New research has shed more light on one of Canada’s enduring mysteries — the fate of the Franklin expedition.
Scientists used lasers and high-energy beams from the Canadian Light Source in Saskatoon to illuminate the last few months of the doomed 19th-century British voyage to the Northwest Passage.
The study, published in the Journal of Archaeological Science, firms up earlier conclusions that the Franklin’s 129 crew members didn’t die of lead poisoning from canned food. It also suggests the expedition was running low on supplies long before its ships became stranded in ice — all from the careful examination of a tiny piece of toenail.
“This is kind of like a Canadian myth,” said co-author Laurie Chan. “I get excited at the opportunity to work on it and talk about it.”
The Franklin expedition headed north, never to return, in 1845. Some remains of its crew have been discovered, along with ghastly evidence of cannibalism. Its two ships, Erebus and Terror, were found within the last two years by underwater archeologists.
But how things went so badly wrong has remained a mystery and a legend.
The latest chapter began two years ago. Jennie Christensen, an environmental consultant with expertise in toxicology, thought it would be productive to use the latest laser technology to examine one of the Franklin corpses discovered on Beechey Island in 1984.
She got in touch with Chan, a colleague at the University of Ottawa.
The team applied to the Museum of History in Ottawa and the Inuit Heritage Trust, which has custody of the bodies. Eventually, they were granted a small piece of toenail from able seaman John Hartnell.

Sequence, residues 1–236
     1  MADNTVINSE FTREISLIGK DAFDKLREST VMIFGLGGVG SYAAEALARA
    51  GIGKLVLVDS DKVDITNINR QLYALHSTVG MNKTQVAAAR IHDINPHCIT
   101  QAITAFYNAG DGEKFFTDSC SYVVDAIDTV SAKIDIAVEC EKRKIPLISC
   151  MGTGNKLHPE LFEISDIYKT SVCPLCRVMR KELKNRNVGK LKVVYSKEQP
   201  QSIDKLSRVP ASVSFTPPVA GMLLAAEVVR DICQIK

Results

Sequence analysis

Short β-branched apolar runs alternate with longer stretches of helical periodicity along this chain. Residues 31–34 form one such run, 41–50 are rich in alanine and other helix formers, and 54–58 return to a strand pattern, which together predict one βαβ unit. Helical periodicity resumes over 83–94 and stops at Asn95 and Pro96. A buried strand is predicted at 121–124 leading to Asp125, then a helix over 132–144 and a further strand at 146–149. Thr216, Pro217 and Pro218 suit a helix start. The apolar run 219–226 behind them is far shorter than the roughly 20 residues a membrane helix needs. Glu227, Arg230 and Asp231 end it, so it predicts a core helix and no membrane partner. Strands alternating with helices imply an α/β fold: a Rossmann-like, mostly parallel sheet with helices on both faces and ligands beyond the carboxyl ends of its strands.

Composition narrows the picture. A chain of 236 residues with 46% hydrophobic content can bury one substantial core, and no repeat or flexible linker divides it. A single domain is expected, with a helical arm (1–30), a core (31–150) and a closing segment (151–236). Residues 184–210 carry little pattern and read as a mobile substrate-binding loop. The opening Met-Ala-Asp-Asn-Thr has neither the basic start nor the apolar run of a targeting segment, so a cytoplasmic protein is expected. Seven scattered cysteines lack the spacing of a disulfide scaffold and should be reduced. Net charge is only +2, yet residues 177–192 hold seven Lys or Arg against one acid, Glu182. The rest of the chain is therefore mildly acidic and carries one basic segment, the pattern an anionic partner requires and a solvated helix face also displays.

They used lasers and the University of Saskatchewan’s synchrotron to peer inside the toenail to a layer unaffected by outside contaminants. Toenails grow about three millimetres a month, so the clipping provided a pretty good picture of what Hartnell had been eating and the state of his health in the last weeks of his life.
What it revealed was a long-standing, severe zinc deficiency.
“That zinc deficiency would explain that he had a very low immune function,” Chan said. “In the tough environment, he probably contracted infections and died from (tuberculosis).”
Hartnell was so weak in the month before he died, his body released all the lead that had been stored in his tissues. That caused previous researchers to suggest lead poisoning was the culprit.
The toenail also revealed that Hartnell had eaten very little meat, despite large reserves of canned meat in the ship’s hold.
“We see a clear decline of meat consumption,” said Chan. “If all the canned food (had lasted) he should not have that problem. It’s probably because some of the canned food was spoiled.”
Nor were the sailors able to turn to the sea to replenish their stores. Hartnell’s toenail showed little seafood residue.
“We would expect, with the meat declining, he would eat a lot of seafood. But not really. Either he was not successful at getting seafood or they were just not able to do it.”
Chan said the results pertain only to Hartnell. But using the same technology on other Franklin bodies could shine further light on a story that has inspired poets, songwriters and novelists.
“Being able to have the opportunity to work on this and try to contribute to solve this puzzle is an honour,” Chan said. “Hopefully, we’ll be able to continue working on finding more about them.”
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